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Petrobras extends market reach as dollar pressures weigh
February 14, 2014 / 7:27 PM / 4 years ago

Petrobras extends market reach as dollar pressures weigh

NEW YORK, Feb 14 (IFR) - Financing pressures are sending Petrobras farther afield as it seeks to ease pressures on a dollar curve that has traditionally borne the brunt of its massive capex plan.

A tap in an obscure German private placement market as well as a rare domestic offering are seen as part of the Brazilian oil company’s efforts to diversify its reach among international investors.

Easing pressure on its dollar curve has become all important for what is now one of the world’s most indebted companies, especially ahead of an annual dollar foray that grows in size each year and subsequently sends funding costs higher.

“You have this supply (issue) hanging over the market, so why buy their bonds in the secondary when you are waiting for this big deal to come,” said a New York based banker. “They have nowhere to hide; they need to do a big dollar deal.”

By extending its reach to a broader variety of markets and raising substantial sums among domestic investors the company hopes to send a strong message to dollar accounts that they are not the only game in town, bankers say.

For instance, the quasi-sovereign is forging ahead with what is thought to be the first LatAm corporate issuance in the Schuldschein private placement market, following in the footsteps of regional development bank CAF which tapped this market twice in 2012.

“LatAm corporates are rare,” said a Europe-based banker. “It is typically used for German mid-caps trying to access the capital markets for the first time without too much disclosure.”

The size of the deal has yet to be announced, but Schuldschein trades typically range between 100m and 300m. There are exceptions - CAF’s deals, for instance, were less than 100m each and domestic firm Siemens had made an unusually large 1.35bn offering.

With an ambitious US$236.7bn 2013-2017 capex plan to fund, Petrobras tends to favour jumbo trades. This raises the question of why it has opted for what is a comparatively shallow market, where not all investors are qualified to buy its bonds.

“Petrobras would not be bought by the German savings banks, as they need a local connection,” said the banker.


The deal comes on the back of a US$5bn equivalent euro-sterling offering in January when Petrobras came flat to inside its dollar curve. Yet how pricing is faring in the Schuldschein transaction is open to debate. The longer tranches look expensive, but the shorter-dated paper is arguably coming at cost-effective levels.

The HSBC-led transaction comprises four tranches with spread guidance of euro mid-swap/six-month Euribor heard at plus 240bp-250bp on the six-year tranche, 260bp-270bp on the eight-year piece, 300bp-310bp on the 10-year portion and 5.375%-5.500% yield on the 15-year tranche.

The price differential may be because the longer-dated paper is likely targeted at institutional accounts that have higher absolute yield targets than the spread-focused banks that generally participate in the shorter tranches.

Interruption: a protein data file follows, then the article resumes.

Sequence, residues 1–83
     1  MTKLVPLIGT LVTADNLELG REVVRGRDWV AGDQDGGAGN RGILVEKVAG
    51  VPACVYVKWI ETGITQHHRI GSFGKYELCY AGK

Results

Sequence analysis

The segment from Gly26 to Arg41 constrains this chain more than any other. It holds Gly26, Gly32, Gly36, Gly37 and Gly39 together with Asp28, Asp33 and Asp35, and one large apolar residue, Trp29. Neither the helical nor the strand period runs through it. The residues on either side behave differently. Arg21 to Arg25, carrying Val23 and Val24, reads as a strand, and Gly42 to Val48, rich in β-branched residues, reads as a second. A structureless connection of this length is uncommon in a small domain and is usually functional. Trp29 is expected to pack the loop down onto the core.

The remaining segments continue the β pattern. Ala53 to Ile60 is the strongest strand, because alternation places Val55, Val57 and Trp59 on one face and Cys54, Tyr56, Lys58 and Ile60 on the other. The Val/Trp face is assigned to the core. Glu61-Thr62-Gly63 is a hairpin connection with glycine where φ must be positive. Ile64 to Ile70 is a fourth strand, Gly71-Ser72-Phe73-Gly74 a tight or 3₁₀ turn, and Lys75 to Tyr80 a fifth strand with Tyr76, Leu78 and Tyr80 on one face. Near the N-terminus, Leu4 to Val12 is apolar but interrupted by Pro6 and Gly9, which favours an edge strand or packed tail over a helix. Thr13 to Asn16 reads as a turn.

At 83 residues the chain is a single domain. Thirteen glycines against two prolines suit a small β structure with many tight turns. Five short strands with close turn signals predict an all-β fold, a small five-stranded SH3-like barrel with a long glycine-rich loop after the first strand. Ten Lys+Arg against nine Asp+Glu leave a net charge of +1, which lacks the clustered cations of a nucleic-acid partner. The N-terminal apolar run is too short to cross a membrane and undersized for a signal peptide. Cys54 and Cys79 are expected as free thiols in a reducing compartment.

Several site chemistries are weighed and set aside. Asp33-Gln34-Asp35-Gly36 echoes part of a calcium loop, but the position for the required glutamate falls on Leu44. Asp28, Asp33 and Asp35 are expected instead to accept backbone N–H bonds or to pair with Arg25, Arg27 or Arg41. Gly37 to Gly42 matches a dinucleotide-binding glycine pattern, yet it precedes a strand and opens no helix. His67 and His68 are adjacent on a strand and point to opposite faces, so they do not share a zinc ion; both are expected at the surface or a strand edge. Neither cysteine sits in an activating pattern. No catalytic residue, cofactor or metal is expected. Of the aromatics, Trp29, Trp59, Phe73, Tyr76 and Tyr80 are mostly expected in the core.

“You have to change your approach with insurance companies as they look at absolute yields,” said the banker.

For instance, the company’s euro-denominated 2023 has been trading at mid-swaps plus 265bp, substantially inside the 300bp-310bp guidance on the equivalent tenor in the Schuldschein offering.

But with its 2018 being quoted at mid-swaps plus 220bp, the shorter-dated tranches look reasonable and on balance, pricing makes sense, especially given Petrobras’ need to diversify its funding base.

“Keep in mind that the issuer can have different targets when trying to issue such a deal,” said the European banker. “One could be diversification into the euro currency and away from dollars.”


Similar reasoning is being applied in Brazil’s local markets where Petrobras is expected to raise at least R$1bn in its first plain vanilla trade since 2002.

Up until now it has largely sold asset-backed domestic debt to finance the construction of various buildings. Being a dollar focused borrower, however, it has rarely leaned on local issuance to fund capex, a Sao Paulo-based banker said.

“They are trying everything they can and that is why they will do something in the local market this year,” he said.

Brazilian miner Vale’s recent local foray has no doubt provided some inspiration for Petrobras after its R$1bn multi-tranche, tax-exempt offering came flat to inside government benchmarks.

Petrobras is thought to be waiting for amendments to laws that would allow it to issue tax free bonds as well and reach beyond the plethora of retail accounts that drove the Vale issue.

“Vale went to qualified retail accounts, but if Petrobras comes it will go to non-qualified investorsto raise more,” the banker said.

A display of strength in the Brazilian debt markets may go a long way toward showing US investors that the highly indebted company has other financing options.

While R$1bn is the size being discussed, some bankers expect the company to target a larger deal to demonstrate to US accounts that it has access to other deep pools of liquidity.

“They think in dollars and that is why Petrobras took so long (to issue domestically), but now the company is more fragile and they are in a different situation,” said the banker.

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